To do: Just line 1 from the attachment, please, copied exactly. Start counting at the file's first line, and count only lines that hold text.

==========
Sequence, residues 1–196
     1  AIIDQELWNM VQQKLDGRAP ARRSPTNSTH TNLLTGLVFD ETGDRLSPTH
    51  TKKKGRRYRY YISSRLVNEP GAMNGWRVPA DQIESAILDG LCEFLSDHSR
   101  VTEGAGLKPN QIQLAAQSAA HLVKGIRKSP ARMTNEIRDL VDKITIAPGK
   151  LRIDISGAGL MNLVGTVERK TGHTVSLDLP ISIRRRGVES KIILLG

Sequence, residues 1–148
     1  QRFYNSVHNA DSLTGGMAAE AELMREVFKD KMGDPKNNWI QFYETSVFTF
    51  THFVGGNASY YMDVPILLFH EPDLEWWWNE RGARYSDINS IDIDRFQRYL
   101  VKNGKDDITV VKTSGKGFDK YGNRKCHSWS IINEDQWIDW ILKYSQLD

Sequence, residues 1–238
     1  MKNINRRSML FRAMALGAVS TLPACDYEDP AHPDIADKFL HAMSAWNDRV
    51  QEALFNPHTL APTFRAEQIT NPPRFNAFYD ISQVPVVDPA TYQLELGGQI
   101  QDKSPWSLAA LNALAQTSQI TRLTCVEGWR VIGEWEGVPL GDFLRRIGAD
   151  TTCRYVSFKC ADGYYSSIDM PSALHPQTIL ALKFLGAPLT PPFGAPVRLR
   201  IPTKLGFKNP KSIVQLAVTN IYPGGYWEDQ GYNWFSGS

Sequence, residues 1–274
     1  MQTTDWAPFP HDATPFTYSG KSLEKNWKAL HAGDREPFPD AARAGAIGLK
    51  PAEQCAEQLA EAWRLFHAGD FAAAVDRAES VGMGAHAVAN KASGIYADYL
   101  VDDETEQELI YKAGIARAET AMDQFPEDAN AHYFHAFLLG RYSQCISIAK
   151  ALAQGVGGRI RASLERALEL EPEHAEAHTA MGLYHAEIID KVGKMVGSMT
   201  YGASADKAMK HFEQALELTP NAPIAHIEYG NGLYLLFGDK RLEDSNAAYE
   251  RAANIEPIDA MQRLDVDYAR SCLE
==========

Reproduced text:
Sequence, residues 1–196